Introducing The Vacheron Constantin Reference 57260 With 57 Complications – World’s Most Complicated Pocket Watch

By Harlan Chapman-Green

Vacheron has finally showed us its masterpiece. We spoke about it a little while ago and gave you some hints as to what complications it will contain, but now we can finally reveal them in all their glory, all 57 of them.


This is the newest watch to attain the title of “Most Complicated Watch Ever”, the previous holder being Patek Philippe’s Calibre 89 pocket watch which held over thirty complications. It had held the record since, well, 1989 and it took the title off Patek’s Henry Graves Super-complication piece. If you want to read more about super-complicated watches we have a whole article dedicated to them which you can read by clicking here, we also have a grand complications article which you can read by clicking here. Now, onwards to our newest dream timepiece!


Vacheron Constantin proves to the world, with dramatic fashion I must add, why they are more than worthy of a place as one of the best watchmakers on the world alongside the aforementioned Patek Philippe, Audemars Piguet, Breguet, A.Lange & Söhne and Jaeger-LeCoultre, not that we ever doubted them truth be told. The watch was commissioned by an anonymous person who will no doubt be over the moon that Vacheron went the whole way with their new watch. It just so happens that when they finished up work on the piece they’d be in time to celebrate their 260th anniversary of non-stop operation. 260 years is immense, OK so Blancpain was started in 1735 whereas Vacheron Constantin was in 1755, however they have never stopped making watches since the start, even the outbreak of war across the globe didn’t stop Vacheron from making watches.

It’s a daunting watch to try to understand, heck it’s daunting to write about too. You can just tell that every single year of work has been fully utilised with this watch as every detail is exquisite, complicated and beautifully integrated into the piece itself. From things such as the very discreet yet still clearly visible slider for the minute repeater such as the dedicated spot for the tri-axis tourbillon. So without further ado, let’s see the entire list of complications inside the new Vacheron Constantin piece:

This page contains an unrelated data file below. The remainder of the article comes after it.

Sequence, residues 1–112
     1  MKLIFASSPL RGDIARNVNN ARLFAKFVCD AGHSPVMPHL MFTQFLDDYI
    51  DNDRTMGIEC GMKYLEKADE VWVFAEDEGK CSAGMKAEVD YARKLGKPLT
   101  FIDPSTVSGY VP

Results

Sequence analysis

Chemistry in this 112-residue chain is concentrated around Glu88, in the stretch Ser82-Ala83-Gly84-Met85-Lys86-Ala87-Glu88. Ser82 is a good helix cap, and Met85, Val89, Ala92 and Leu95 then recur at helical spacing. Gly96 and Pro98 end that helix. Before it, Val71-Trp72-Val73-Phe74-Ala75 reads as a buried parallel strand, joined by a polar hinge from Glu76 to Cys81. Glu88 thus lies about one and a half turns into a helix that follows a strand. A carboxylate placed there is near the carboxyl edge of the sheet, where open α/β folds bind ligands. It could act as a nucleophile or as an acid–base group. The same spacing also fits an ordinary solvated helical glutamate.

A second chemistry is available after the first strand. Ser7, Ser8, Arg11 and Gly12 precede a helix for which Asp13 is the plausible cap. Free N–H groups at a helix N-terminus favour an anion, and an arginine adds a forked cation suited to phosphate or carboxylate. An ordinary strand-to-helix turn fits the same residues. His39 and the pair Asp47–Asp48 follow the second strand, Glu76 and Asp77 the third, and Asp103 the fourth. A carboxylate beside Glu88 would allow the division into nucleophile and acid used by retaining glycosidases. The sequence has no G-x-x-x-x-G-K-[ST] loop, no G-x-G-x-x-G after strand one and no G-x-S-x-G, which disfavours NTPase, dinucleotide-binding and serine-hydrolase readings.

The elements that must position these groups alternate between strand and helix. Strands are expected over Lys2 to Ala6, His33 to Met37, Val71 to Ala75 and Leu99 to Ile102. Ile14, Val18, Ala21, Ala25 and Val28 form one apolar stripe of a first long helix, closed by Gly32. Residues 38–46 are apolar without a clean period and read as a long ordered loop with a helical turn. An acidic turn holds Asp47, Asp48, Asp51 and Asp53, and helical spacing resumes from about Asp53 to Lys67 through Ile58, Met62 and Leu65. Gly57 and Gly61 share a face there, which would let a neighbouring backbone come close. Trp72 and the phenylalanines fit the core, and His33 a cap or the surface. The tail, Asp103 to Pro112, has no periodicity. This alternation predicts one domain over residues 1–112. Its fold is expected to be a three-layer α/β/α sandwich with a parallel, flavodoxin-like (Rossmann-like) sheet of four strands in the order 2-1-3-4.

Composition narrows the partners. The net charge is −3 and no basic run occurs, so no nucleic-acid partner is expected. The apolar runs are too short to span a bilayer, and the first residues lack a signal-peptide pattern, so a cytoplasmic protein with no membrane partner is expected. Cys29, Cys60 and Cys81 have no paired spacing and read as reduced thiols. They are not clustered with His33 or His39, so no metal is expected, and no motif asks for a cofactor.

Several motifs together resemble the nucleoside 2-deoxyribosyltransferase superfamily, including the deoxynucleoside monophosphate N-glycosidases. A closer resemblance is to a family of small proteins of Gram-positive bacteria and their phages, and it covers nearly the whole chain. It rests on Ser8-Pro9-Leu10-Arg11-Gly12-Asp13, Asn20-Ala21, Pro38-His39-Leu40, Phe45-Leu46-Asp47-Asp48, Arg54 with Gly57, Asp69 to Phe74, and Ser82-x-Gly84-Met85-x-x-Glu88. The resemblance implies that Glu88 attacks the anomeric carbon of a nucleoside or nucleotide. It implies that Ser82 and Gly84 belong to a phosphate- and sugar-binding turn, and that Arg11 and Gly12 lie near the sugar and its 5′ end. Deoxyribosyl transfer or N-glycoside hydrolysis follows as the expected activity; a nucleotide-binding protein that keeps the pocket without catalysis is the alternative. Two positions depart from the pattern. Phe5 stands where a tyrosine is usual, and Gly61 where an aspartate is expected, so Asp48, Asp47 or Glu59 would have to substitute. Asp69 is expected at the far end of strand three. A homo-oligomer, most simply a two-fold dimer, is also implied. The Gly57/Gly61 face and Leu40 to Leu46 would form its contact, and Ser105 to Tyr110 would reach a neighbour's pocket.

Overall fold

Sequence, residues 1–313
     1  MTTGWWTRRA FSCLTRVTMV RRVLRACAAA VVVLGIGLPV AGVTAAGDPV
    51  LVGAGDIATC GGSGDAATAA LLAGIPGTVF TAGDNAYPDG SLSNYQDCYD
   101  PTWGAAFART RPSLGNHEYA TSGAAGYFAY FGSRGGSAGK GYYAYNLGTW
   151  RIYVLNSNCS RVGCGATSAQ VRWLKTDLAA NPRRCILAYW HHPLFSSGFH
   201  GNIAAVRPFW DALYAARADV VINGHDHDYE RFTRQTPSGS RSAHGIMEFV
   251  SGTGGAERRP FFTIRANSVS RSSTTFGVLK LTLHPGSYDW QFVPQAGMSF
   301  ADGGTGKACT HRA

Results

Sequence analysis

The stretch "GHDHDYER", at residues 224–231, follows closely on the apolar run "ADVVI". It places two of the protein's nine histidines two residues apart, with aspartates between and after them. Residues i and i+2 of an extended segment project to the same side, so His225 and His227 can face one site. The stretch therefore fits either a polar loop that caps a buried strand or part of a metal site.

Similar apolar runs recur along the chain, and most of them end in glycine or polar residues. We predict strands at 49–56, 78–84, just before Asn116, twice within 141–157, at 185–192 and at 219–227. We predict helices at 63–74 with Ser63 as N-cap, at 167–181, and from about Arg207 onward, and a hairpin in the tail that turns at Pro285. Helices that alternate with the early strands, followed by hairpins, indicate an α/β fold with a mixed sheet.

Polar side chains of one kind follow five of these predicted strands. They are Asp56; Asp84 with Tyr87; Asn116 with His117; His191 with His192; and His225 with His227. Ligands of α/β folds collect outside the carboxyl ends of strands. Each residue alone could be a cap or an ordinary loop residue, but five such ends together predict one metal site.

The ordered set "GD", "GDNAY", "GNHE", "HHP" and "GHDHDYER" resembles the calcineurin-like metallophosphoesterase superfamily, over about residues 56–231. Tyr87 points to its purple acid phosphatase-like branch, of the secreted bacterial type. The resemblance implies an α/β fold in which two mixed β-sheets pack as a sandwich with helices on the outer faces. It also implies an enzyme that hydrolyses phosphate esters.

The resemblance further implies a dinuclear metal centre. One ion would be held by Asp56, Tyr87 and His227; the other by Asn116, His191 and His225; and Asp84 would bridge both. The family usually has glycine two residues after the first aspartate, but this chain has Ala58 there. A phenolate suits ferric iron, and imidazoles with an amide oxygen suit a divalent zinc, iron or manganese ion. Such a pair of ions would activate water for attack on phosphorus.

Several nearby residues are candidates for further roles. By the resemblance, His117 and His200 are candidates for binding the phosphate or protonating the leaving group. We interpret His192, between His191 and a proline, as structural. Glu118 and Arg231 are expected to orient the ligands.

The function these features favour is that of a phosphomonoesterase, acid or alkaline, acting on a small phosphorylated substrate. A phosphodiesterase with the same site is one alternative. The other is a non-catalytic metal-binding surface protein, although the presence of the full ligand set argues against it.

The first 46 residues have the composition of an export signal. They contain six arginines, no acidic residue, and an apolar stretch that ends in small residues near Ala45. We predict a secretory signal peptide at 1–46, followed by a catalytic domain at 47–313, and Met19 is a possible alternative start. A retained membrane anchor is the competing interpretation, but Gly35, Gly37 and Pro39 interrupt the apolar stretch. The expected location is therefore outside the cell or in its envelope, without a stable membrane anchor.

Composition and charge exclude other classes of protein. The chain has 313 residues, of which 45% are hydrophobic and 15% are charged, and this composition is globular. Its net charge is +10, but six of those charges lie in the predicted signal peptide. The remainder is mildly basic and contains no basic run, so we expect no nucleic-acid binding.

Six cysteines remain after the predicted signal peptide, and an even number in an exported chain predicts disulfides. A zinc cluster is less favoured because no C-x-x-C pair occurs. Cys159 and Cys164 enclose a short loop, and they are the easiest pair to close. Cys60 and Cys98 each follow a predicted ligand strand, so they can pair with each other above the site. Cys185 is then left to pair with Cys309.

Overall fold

1. Regulator hours, minutes and seconds
  2. Day/Night indication
  3. 24 city world time
  4. Second time zone
  5. Spherical Tourbillon with spherical spring
  6. Tri-axis tourbillon
  7. Season indication including equinox, solstice as well as signs of the zodiac
  8. Sky chart
  9. Hours of sunrise
  10. Hours of sunset
  11. Length of the day indication
  12. Length of the night indication
  13. Age and current phase of the moon, only requires correction once every 1027 years
  14. Leap year indication
  15. Four year cycle
  16. Equation of time
  17. Sidereal time hours
  18. Sidereal time minutes
  19. Gregorian days of the week
  20. Gregorian months
  21. Gregorian retrograde date
  22. Gregorian perpetual calendar
  23. Hebrew name of the day
  24. Hebrew name of the month
  25. Hebrew date display
  26. Indication for the number of months within a Hebraic year
  27. Hebrew secular calendar
  28. Hebrew year, decade and century indication
  29. Hebrew perpetual calendar with a 19 year cycle
  30. Golden Number indication with a 19 year cycle
  31. Indication for the number of the day within the week
  32. Indication for the number of the week within the year
  33. Date of Yom Kippur
  34. Fifth of a second chronograph featuring one column wheel, retrograde display
  35. Fifths of a second rattrapante chronograph, one column wheel, retrograde display